By Scott Matthew Quint and Gerry Salmon
 

     When you think of snake misidentification you tend to think about the confusion between Coral Snakes and Scarlet and Scarlet King Snakes. However, the most common snake misidentification that occurs is between the Water Moccasin (Cottonmouth) and virtually any snake found in or near the water. The purpose of this article is to help you identify what is and what is not a Water Moccasin. A secondary aim is to dispel some of the myths of Water Moccasin behavior.

     The Water Moccasin is a dangerously venomous snake found through most of the Coastal Plains, ranging as far north as Virginia. As it's name implies, it is a snake that lives in and around water. There are two subspecies that occur in the Coastal Plains, both are similar in outward appearance and their differences are irrelevant to this article. Aside from the Water Moccasin there are many other aquatic or semi-aquatic snakes in the Coastal Plains, none of which are dangerous. The fact is that there are over 20 varieties of snake in the Coastal Plains that make a living around the water and only one is the Water Moccasin. Many of these snakes have similarities, though, it really doesn't seem to matter how DIS-similar they are to the Water Moccasin because the only criteria that seems to make any difference to the lay-observer is that fact that the snake was near the water.

     When observing snakes near aquatic habitats, they may or may not be Water Moccasins. That being said, it is a conceeded fact that Water Mocasins are very common. However, several of the other species that share its habitat are just as or more common. Be that as it may, some of the snakes observed will be Water Moccasins, so the observer should be careful. Always stick to the principle of not approaching any unfamiliar animal. The snake will not approach you, so your decision will directly determine the dangerousness of the encounter.  It is often rumored that Water Moccasins are extremely aggressive and will chase a humans that comes too near. That complete hogwash.

     Water Moccasins are large-looking snakes. A 30 inch Water Moccasin will look larger than it really is because of its girth. In fact, snakes over 36 inches are uncommon, but eye-witness accounts of them abound. All of the other aquatic snakes (I will group them all under the term "aquatic snakes" even though this is a coarse description) are more slender, though some species of water snake such as the Brown Water Snake (Nerodia taxispilota) can be fairly hefty at large size. Even so, a 36 inch Water Moccasin will be a thicker animal than even a 5 foot water snake. A Water Moccasin seen from a distance away will look like a big snake.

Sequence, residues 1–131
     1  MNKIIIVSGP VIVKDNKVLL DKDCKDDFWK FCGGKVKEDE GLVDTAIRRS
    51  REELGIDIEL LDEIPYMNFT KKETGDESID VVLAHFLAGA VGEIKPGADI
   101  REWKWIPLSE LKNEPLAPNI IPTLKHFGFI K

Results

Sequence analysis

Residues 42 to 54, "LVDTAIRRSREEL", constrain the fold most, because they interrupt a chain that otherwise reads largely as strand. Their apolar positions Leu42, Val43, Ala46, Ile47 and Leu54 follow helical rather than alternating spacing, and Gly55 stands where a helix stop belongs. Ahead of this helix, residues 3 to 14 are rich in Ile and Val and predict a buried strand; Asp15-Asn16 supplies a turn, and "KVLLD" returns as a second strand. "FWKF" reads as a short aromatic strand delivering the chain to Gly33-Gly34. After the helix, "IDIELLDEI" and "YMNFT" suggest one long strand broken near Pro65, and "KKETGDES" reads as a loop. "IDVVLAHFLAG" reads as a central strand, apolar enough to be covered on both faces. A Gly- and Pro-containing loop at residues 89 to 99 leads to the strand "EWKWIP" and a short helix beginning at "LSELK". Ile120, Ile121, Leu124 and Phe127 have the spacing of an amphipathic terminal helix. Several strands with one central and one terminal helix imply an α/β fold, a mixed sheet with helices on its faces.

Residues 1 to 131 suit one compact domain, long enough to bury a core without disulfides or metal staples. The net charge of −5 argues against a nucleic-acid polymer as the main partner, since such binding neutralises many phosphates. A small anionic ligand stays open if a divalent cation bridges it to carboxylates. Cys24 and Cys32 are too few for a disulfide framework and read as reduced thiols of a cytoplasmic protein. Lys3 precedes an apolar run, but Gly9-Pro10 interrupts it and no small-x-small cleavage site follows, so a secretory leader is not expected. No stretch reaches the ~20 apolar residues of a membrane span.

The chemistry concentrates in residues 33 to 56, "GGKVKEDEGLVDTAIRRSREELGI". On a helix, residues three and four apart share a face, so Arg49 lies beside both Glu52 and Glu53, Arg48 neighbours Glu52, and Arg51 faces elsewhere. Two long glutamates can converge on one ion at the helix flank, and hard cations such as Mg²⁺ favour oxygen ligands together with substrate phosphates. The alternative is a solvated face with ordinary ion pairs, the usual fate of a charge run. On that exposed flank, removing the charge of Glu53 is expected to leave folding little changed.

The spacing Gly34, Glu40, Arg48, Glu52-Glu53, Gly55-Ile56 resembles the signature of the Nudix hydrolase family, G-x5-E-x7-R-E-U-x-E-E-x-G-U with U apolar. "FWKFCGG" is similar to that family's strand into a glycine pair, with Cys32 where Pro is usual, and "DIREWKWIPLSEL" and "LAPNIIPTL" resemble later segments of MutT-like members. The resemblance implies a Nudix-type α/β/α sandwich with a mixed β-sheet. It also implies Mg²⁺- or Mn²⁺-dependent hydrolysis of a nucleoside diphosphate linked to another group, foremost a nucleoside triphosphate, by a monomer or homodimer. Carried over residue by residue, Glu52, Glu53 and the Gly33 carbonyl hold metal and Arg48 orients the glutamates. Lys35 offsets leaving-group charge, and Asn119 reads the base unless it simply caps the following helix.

Water Moccasins behave differently than other aquatic snakes. All will flee given the opportunity, but Water Moccasins will only flee if they sense that they can reasonably get away.


A 30 inch Water Moccasin on a swamp road in SC
Photo by Gerry Salmon

A Water Moccasin displays its mouth and fangs
Photo by W.T.Helfrich

     If the water is close, then  they will often dive for it, even if the threat is between them and escape. I have had them rush around me and over my feet to get to the water. This may be a source of some of the Water Moccasin's rumored (but non-existent) aggressiveness.  Most other aquatic snakes will usually flee away from the threat even if it drives them away from the water.

    However, if a Water Moccasin is caught out in the open, it will coil and display by opening its mouth wide exposing the white liningof its mouth (hence its second name cottonmouth). I believe that this behavior serves two purposes, as a threat and as a practical defense of its head. It would certainly be difficult to grab this animal by the head without being bitten.

     Be advised, though the Water Moccasin is not aggressive, it will readily bite and  bite from a Water Moccasin can be very serious. Their venom is very destructive to the tissue around the bite and bite victims often get nasty bacteriological infections like gangrene.



A  swimming Water Moccasin in SC
Photos by Gerry Salmon

     If you look at the pictures above, you can see that the Water Moccasin is extremely buoyant. Most of it's body is above the surface.  This is a trait of all Pit Vipers.   

     Below are pictures of a Banded Water Snake swimming along a bank. Notice that its body is mostly submerged with only an occasional coil breaking the surface. This is typical of all non-venomous snakes in the coastal plains. Also note how much more slender the water snake is than the Water Moccasin. This snake is of similar length to the Moccasin in the pictures above.

Swimming Water Snake in Currituck County NC
Photo by Scott Matthew Quint

     It is often Difficult to distinguish the Water Moccasin from the various water snakes, especially when the snakes are dry as most are not brightly colored. Always mind the simple rule of not approaching any snake when you are not absolutely sure of its identification.  However if you are concerned about snakes in and around your home or favorite fishing hole, look for the distinguishing characteristics described here.

 

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